cloudy day snow walk and winter thoughts

Today is not a cloudy day.  Nope, the sun is shining brightly, causing the snow to sparkle.  But I've been saving up some photos from a couple recent tromps through the snow.  There's just something about snow.  I know some people despise it, but I love it.  During conversations about where we should move after Ohio, Matthias and I often mentioned snowiness as one of the attributes on our wish list.  So far, Wisconsin seems to be delivering in the snow department.

Snow in the country is different than snow in the city.  It's far less dirty out here; the snow isn't tainted by exhaust fumes and traffic.  And away from the road there is so much pristine snow.  I've always loved smooth, unbroken snow.  As a child it was something to be saved up.  Our backyard was fairly small, but I'd parcel out bits of it, leaving some snow unmarred by footsteps.  As the bossy older sister, I'd forbid Phil from walking in those saved areas because I wanted to be the one to make the first tracks.  Out here I have no say in who walks where.  And I love seeing what sort of tracks will appear each day and trying to figure out what went on.  Many of the photos I've been taking are of tracks in the snow.  Like this one:

I imagine a mousy relay race between these weeds.

And I wonder if the rabbit hopping toward the barn went in there and who else might be going in and out of it.

And that one thrilled me.  So many tracks.  Bird tracks.  Mouse tracks.  What were they all doing?

Feather marks in the snow.  Were they taking off?  Landing?  Just waddling around?

And holes in the snow.  It's still deep in places and I imagine networks of tunnels beneath the snow.

Do you see the little hole by the tangle of dry grass?

But my camera wasn't just trained on the ground.  I was drawn out of the house that day by the sky.  Light was breaking through the textured clouds in such a way that I couldn't stay inside and I couldn't leave my camera behind.

I ventured to the huge old apple tree at the corner of our property wondering who's been sheltering beneath it.

And in every season so far (or at least since we moved in at the end of August), I've been intrigued by the cornfields.  I know cornfields are a pretty mundane thing, but I've never lived so close to them before.  The stubble sticking through the snow is beautiful.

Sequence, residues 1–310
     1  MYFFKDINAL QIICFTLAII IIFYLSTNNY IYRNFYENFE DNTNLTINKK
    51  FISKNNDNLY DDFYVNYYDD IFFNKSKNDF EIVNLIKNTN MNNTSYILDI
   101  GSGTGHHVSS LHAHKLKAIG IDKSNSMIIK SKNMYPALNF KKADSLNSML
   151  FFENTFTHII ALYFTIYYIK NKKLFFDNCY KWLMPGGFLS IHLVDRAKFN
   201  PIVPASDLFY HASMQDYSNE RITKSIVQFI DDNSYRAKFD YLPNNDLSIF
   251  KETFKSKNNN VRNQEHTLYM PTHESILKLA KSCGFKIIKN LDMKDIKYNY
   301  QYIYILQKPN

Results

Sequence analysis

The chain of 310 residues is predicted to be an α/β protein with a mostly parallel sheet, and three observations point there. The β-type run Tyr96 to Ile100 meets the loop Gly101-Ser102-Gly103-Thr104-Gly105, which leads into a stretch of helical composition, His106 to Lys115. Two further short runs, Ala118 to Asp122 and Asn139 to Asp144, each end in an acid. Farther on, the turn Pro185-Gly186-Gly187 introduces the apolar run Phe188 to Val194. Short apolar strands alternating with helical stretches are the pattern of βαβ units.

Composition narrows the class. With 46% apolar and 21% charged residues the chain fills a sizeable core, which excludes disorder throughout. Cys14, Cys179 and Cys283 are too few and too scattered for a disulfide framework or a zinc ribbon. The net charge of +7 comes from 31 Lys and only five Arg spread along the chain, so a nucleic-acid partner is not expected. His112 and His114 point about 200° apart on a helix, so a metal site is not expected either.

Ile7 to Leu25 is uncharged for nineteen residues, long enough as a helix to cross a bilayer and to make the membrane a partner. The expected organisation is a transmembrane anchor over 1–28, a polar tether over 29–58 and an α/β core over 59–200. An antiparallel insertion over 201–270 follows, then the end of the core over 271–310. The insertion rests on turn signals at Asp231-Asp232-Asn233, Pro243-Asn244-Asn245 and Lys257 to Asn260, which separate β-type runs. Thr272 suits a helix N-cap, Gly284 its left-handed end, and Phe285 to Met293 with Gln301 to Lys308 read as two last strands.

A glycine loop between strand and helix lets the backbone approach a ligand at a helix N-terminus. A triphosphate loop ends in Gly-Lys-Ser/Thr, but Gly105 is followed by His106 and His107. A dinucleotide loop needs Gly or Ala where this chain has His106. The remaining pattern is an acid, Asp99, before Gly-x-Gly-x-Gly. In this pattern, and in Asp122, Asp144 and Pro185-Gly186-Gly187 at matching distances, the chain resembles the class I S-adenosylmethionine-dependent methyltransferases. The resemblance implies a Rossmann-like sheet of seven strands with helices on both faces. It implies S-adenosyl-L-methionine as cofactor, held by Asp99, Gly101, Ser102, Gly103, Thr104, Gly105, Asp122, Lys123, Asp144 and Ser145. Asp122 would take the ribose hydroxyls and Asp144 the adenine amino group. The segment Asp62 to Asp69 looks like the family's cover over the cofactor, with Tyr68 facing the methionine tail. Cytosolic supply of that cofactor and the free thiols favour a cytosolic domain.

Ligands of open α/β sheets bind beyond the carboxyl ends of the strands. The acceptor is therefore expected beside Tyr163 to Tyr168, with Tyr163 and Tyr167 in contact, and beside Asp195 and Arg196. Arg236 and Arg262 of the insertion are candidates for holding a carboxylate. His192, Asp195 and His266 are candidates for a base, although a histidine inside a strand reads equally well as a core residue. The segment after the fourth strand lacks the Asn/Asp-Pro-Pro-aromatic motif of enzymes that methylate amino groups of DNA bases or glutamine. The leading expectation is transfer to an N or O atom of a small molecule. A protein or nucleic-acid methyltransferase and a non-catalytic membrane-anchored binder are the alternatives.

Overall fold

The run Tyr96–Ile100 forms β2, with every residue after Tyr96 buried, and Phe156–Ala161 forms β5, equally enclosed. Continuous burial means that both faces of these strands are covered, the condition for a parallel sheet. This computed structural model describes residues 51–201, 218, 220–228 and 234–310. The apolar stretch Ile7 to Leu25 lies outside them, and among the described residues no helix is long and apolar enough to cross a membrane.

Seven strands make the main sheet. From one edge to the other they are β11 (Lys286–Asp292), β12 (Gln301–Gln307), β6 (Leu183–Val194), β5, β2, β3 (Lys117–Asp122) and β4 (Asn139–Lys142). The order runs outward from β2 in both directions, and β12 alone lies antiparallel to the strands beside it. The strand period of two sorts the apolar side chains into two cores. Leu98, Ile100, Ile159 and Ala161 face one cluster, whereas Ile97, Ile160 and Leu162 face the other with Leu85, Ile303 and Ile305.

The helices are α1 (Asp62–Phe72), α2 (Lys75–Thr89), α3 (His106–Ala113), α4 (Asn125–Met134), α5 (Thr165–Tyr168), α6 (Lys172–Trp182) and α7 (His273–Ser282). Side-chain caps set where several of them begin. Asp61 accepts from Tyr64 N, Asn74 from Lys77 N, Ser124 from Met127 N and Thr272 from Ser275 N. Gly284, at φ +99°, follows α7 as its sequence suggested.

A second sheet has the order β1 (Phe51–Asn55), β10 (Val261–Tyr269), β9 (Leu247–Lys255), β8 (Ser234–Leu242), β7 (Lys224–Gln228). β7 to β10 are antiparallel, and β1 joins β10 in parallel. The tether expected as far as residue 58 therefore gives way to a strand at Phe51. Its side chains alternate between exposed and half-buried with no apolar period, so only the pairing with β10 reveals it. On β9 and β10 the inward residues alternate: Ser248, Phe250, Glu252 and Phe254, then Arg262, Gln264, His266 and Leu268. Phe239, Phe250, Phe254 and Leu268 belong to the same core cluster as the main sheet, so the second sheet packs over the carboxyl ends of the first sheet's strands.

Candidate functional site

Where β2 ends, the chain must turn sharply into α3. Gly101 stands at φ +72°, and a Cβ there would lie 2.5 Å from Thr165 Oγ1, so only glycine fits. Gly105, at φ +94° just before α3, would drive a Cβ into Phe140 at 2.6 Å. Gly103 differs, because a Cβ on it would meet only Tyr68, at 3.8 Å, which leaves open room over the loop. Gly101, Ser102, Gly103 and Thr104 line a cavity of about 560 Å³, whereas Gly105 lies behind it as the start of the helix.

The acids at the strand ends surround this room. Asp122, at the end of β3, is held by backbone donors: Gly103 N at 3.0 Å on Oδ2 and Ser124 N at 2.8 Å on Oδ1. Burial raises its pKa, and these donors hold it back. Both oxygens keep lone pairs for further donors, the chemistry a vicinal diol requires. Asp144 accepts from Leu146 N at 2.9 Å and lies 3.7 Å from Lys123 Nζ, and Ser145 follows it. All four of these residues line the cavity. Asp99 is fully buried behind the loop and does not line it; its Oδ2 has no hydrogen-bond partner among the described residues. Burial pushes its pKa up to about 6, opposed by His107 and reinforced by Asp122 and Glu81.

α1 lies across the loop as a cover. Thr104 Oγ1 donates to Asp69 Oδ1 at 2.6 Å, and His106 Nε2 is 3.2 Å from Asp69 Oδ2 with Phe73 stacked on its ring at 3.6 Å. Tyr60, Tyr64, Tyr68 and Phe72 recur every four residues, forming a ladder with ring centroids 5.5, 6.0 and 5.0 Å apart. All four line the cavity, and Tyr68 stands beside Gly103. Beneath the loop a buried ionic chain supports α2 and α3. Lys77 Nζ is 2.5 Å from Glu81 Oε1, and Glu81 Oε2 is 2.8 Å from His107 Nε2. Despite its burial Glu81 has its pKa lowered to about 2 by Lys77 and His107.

And I enjoy watching the animals in the fields.  Crows, pheasants.  I know there are others.  I see tracks of others, but so far I haven't seen the animals making them.

Tromping through our meadows, I noticed that in places, the only plant material left standing is skeleton after skeleton of Queen Anne's Lace.

I've loved these in every season (again, since the end of August) so far.  So delicate and beautiful and also so sturdy, having survived the winter like this.

And I can never take enough photos of my favorite pine standing, watching over the farm.

I'm so glad I ventured out.


  1. I love your photos, they are so beautiful and moody. And I really like your previous post, I can really relate. And I also wanted to be a vet when I was little!

  2. Great photos Anne! Wish I was there with you!
    Love you,

  3. Dearest anne, so gald you went out for a walk!! These photos are gorgeous and i just adore snow so much! Have a lovely merry happy day and love to yoU!

  4. I love to be the first to tread on newly fallen snow too! I would love to know what creatures made those tracks. You will have to get a night camera so we can find out! The Queen Anne's Lace plant is so starkly beautiful against the snow.

  5. Thanks, everyone. It was fun taking you on my walk and sharing these photos.

    I love trying to imagine the stories behind all the tracks in the snow. It's so much fun to decipher. I wonder if a night camera would be as interesting as the stories in my imagination.

  6. Fascinating! I absolutely love the seventh photo down, as well as the last one! Beautiful!


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